• Mental health conditions: Use opioids with caution for chronic pain in patients with mental health conditions (eg, depression, anxiety disorders, post-traumatic stress disorder) due to increased risk for opioid use disorder and overdose; more frequent monitoring is recommended (CDC [Dowell 2016]).

• Obesity: Use with caution in patients who are morbidly obese.

• Prostatic hyperplasia/urinary stricture: Use with caution in patients with prostatic hyperplasia and/or urinary stricture.

• Psychosis: Use with caution in patients with toxic psychosis.

• Renal impairment: Use with caution; reduce dosage of immediate-release formulations in patients with severe renal impairment; extended-release formulations should be avoided in severe renal impairment.

• Respiratory disease: Use with caution and monitor for respiratory depression in patients with significant chronic obstructive pulmonary disease or cor pulmonale, and those with a substantially decreased respiratory reserve, hypoxia, hypercapnia, or preexisting respiratory depression, particularly when initiating and titrating therapy; critical respiratory depression may occur, even at therapeutic dosages. Consider the use of alternative nonopioid analgesics in these patients.

• Sleep-disordered breathing: Use opioids with caution for chronic pain and titrate dosage cautiously in patients with risk factors for sleep-disordered breathing, including HF and obesity. Avoid opioids in patients with moderate to severe sleep-disordered breathing (CDC [Dowell 2016]).

• Suicide risk: Avoid use in patients who are suicidal; use with caution in patients taking tranquilizers and/or antidepressants, or those with an emotional disturbance including depression. Consider the use of alternative nonopioid analgesics in these patients.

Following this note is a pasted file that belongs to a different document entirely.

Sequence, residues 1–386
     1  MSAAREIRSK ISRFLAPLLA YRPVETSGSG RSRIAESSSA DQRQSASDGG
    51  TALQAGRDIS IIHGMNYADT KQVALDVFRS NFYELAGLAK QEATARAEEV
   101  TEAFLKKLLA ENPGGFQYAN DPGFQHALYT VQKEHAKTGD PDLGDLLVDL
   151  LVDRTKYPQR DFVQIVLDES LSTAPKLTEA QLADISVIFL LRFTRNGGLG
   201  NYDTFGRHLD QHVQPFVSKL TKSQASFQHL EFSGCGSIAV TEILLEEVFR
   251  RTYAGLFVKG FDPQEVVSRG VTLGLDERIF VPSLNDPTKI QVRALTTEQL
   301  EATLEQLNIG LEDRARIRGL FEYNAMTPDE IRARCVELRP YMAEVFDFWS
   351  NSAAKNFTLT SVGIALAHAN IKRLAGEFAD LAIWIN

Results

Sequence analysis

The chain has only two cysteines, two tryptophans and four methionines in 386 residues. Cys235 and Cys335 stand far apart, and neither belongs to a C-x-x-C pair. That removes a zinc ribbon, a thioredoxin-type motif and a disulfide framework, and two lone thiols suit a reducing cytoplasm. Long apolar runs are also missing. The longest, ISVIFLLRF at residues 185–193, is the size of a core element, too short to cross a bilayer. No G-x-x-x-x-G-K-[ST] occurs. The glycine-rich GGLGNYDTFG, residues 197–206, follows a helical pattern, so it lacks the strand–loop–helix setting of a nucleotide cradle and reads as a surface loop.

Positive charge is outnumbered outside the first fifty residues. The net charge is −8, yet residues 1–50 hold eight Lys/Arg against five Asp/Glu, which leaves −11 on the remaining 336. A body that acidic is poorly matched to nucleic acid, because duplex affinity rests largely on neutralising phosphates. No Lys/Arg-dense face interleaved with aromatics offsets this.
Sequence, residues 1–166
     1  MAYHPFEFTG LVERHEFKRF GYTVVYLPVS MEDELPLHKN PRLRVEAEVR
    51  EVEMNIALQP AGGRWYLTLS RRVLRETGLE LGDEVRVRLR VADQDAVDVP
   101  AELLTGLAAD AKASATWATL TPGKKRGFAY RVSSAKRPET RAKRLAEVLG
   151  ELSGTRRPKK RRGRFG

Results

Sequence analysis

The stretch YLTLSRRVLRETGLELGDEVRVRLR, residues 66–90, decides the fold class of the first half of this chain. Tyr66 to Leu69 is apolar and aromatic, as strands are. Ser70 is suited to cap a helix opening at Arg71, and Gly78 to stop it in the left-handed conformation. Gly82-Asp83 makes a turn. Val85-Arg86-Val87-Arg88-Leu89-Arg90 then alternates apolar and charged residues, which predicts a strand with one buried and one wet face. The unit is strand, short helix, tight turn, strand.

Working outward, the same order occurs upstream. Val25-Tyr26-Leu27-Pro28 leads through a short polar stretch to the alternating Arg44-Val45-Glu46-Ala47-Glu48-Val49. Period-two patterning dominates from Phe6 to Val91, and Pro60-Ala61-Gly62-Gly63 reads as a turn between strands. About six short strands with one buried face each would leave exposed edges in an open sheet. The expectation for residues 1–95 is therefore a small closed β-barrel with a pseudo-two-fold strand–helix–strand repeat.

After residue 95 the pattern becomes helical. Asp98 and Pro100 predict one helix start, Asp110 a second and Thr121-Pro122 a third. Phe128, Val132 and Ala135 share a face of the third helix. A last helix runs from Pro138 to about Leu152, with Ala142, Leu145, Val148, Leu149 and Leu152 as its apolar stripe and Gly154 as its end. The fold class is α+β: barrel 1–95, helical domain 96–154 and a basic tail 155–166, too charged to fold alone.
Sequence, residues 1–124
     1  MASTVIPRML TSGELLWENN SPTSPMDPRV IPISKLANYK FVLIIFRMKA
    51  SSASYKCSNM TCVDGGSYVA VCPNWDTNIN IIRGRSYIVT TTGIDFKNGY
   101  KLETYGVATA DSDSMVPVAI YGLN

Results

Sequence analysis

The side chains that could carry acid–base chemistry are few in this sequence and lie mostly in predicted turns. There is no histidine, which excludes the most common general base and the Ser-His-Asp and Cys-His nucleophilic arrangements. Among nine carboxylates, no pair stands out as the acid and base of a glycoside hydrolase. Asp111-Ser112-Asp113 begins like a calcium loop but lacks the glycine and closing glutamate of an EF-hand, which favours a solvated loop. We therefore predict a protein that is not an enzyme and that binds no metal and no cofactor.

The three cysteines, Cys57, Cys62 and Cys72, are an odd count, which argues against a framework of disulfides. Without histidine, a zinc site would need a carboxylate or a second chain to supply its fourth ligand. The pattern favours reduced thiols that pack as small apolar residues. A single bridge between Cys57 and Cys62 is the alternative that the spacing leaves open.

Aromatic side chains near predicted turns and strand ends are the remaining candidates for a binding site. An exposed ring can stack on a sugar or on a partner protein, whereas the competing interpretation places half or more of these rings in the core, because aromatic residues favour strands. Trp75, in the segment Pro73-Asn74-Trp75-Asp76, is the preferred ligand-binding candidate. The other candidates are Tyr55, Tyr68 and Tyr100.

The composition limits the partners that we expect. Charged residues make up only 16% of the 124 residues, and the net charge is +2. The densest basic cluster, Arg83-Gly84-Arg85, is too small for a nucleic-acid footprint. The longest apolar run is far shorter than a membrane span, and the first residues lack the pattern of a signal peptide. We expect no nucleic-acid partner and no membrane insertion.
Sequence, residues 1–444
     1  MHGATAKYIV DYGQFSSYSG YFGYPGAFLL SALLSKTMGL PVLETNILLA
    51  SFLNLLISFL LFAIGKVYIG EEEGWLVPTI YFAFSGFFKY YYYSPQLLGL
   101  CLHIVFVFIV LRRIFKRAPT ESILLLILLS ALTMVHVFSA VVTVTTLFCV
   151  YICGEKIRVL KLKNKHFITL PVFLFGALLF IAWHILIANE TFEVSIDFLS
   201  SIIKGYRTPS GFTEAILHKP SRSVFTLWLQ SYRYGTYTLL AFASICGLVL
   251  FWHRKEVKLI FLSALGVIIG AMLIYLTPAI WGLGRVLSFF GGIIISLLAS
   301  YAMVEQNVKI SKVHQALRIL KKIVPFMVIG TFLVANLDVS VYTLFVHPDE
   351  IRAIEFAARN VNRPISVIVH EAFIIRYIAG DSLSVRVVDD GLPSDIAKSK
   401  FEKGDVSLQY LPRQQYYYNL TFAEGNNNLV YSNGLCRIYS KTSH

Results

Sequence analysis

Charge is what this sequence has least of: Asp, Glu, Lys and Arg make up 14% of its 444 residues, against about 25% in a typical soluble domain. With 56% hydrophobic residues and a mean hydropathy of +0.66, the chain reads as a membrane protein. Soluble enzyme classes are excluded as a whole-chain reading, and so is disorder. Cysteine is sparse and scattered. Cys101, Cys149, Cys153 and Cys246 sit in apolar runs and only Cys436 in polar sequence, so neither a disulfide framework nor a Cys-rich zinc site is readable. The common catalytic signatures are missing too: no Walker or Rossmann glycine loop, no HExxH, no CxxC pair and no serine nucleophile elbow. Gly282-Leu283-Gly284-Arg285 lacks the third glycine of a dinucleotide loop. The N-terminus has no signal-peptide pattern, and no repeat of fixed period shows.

• Thyroid dysfunction: Use with caution in patients with thyroid dysfunction.

Concurrent drug therapy issues:

• Benzodiazepines or other CNS depressants: [US Boxed Warning]: Concomitant use of opioids with benzodiazepines or other CNS depressants, including alcohol, may result in profound sedation, respiratory depression, coma, and death. Reserve concomitant prescribing of tramadol and benzodiazepines or other CNS depressants for use in patients for whom alternative treatment options are inadequate. Limit dosage and durations to the minimum required and follow patients for signs and symptoms of respiratory depression and sedation.

• CYP P450 interactions: [US Boxed Warning]: The effects of concomitant use or discontinuation of cytochrome P450 3A4 inducers, 3A4 inhibitors, or 2D6 inhibitors with tramadol are complex. Use of cytochrome P450 3A4 inducers, 3A4 inhibitors, or 2D6 inhibitors with tramadol requires careful consideration of the effects on the parent drug, tramadol, and the active metabolite, M1.

• Drug-drug interactions: Potentially significant interactions may exist, requiring dose or frequency adjustment, additional monitoring, and/or selection of alternative therapy. Consult drug interactions database for more detailed information.

Special populations:

• Cachectic or debilitated patients: Use with caution in cachectic or debilitated patients; there is a greater potential for critical respiratory depression, even at therapeutic dosages. Consider the use of alternative nonopioid analgesics in these patients.

• CYP2D6 "ultrarapid metabolizers": Avoid use in patients who are ultra-rapid metabolizers because of a specific CYP2D6 genotype (gene duplications donated as *1/*1xN or *1/*2xN); these patients may have extensive conversion to its active metabolite and thus increased opioid-mediated effects. The occurrence of this phenotype is seen in approximately 1% to 2% of East Asians (Chinese, Japanese, Korean), 1% to 10% of Caucasians, 3% to 4% of African-Americans, and may be >10% in certain racial/ethnic groups (ie, Oceanian, Northern African, Middle Eastern, Ashkenazi Jews, Puerto Rican).